The NAA is excited to share with you the views of its advisors; this post is the first in an ongoing series of advisor perspectives. We look forward to hearing your responses and reflections.

Advisory Board Perspective: Adina Grigore

When I first realized doctors weren’t going to heal my nagging health issues, I decided to take matters into my own hands. That’s what we all do, right? You go online, do some research, read a few scary articles, maybe even sign up to learn more through a course or two. (In my case, I went all the way through holistic nutrition school.) You turn to your community: your aunt tells you she stopped eating packaged food, your neighbor gets deliveries from an eco website, your Facebook feed is full of Buzzfeed lists for how to clean up your life. So you do it! First I shifted my diet, then I turned to my beauty products. I bought better shampoo, conditioner, toothpaste, deodorant, lotion, makeup. Everything. This change was permanent, and to this day nothing in my home is not green or better than the alternative.

I say ‘better’ because these days ‘natural’ is getting a lot of hate. The way that some people cringe when they hear ‘organic,’ they have now become so doubtful of the natural stamp that they don’t think it’s better. I am fully on board with this skepticism. But it is better. Believe me, I’m the most hardcore advocate for clean products (pretty sure there’s no other beauty company that has set stricter limitations on their ingredient list than S.W. Basics). And I believe you should doubt most of what beauty companies tell you. But I also think we should not forget that an ingredient list that is free of things like parabens, sulfates, petroleum, and formaldehyde are most definitely better for you than their counterparts. They really, really are.

Now that we’re on the same page, let me get to my point: I did not experience true relief and peace until I cut back on everything I was using. I was dealing with full body rashes, severe acne, an insanely irritated scalp, strange bumps, slow healing, just all sorts of things that make for a really frustrating and painful life. Did cutting out sugar from my diet help? Definitely. Did using better deodorant give me relief? Yes, some. But things didn’t get seriously better until I cut back on everything, even the natural stuff. This was the case with my diet too. You know that superfood salad with 50 Amazonian ingredients that help you live forever? That stuff makes my body (and belly) freak out. Zucchini steamed with olive oil and salt? All better.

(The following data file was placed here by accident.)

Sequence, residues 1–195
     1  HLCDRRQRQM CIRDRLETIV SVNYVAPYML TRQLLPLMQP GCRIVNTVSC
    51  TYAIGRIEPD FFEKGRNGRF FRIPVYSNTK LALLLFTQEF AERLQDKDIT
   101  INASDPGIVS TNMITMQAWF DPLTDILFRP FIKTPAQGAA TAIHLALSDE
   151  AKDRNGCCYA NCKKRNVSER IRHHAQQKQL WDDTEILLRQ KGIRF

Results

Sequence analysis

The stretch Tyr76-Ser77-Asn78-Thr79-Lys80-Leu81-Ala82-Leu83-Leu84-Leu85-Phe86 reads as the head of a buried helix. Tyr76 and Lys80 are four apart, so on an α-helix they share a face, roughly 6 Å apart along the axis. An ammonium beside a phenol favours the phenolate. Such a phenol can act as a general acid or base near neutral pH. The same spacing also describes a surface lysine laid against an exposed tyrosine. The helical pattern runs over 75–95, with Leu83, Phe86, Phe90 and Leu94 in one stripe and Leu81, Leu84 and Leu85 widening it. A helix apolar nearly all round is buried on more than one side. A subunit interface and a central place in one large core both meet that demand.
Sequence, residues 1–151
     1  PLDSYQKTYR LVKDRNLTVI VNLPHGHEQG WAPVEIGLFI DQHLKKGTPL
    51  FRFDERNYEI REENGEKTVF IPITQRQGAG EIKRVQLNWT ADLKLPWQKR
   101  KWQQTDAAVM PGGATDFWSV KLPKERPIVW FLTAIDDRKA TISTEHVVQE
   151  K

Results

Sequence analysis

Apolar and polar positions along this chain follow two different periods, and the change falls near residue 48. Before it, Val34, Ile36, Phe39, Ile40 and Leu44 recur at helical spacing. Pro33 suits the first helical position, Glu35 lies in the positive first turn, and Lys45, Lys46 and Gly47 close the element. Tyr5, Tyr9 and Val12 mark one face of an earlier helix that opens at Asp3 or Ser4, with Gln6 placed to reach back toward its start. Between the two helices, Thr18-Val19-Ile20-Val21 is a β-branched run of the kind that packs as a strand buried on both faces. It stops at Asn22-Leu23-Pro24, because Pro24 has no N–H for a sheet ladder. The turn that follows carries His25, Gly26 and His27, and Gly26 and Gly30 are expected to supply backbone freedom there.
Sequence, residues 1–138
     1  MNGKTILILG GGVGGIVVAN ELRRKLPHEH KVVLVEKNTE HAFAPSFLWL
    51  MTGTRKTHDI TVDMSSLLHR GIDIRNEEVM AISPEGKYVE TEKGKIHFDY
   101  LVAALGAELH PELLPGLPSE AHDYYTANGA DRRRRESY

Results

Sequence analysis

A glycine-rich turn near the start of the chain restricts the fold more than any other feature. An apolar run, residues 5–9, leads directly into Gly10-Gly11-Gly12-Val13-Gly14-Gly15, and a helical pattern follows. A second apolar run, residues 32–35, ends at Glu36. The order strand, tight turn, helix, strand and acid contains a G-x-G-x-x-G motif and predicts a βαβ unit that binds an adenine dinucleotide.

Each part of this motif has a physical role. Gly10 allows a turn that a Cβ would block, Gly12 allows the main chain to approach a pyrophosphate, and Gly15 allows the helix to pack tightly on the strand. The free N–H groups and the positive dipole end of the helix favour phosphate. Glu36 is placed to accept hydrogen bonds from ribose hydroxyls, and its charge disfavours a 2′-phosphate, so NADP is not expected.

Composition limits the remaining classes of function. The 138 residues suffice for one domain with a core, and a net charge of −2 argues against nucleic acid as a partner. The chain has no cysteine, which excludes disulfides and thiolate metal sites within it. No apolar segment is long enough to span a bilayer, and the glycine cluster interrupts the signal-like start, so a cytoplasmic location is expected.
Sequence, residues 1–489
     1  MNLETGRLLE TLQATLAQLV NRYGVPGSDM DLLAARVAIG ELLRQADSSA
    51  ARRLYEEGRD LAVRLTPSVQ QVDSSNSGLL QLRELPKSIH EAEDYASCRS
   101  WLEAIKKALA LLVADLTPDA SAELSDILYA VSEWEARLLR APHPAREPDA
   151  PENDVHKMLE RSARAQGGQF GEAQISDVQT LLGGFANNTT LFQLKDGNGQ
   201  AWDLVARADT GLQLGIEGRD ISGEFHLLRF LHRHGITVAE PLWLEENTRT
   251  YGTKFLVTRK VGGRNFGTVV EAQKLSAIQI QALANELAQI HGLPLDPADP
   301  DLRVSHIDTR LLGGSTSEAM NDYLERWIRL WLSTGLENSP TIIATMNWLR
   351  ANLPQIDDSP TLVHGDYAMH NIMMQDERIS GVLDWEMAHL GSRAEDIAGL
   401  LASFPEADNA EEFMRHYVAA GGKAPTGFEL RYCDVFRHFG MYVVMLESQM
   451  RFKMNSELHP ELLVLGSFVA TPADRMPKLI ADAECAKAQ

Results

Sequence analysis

So the real question is: are you like me? I’m betting that you are, at least a little bit. It’s really easy to find out if I’m right. You don’t need to change your whole life, you don’t need to throw out everything in your cabinet, and you don’t need to give up your superfood salad. In fact, I believe my prescription is the easiest one you’ll ever have to follow: just be a little bit lazier once in a while. Forget to wash your face. Eat one food for your entire meal. Skip breakfast (gasp). Drink only one type of beverage for a whole day. And the last step: pay attention. That’s it. It’s really that simple. I promise. I know you don’t believe me right now, but try it. When you find yourself less itchy after coffee than green tea, or your scalp cleaner when you skip your conditioner, or your stomach way less bloated from real life gluten than from spelt, you’ll be amazed. You’ll realize that you are an individual human with individual features and needs. You’ll feel empowered and you’ll keep going. And then you’ll thank me, and I’ll say, “I know exactly how you feel.”

 -Adina Grigore

adina-grigore-naa-advisorAdina Grigore is a member of the Nutritional Aesthetics Alliance Advisory Board, as well as the author of Skin Cleanse and founder/CEO of the all-natural, sustainable skin-care line S.W. Basics. A graduate of the Institute for Integrative Nutrition®, Adina has worked in the wellness industry since 2007 as a private holistic nutritionist, a personal trainer, and a workshop coordinator teaching people about the DIY nature of wellness.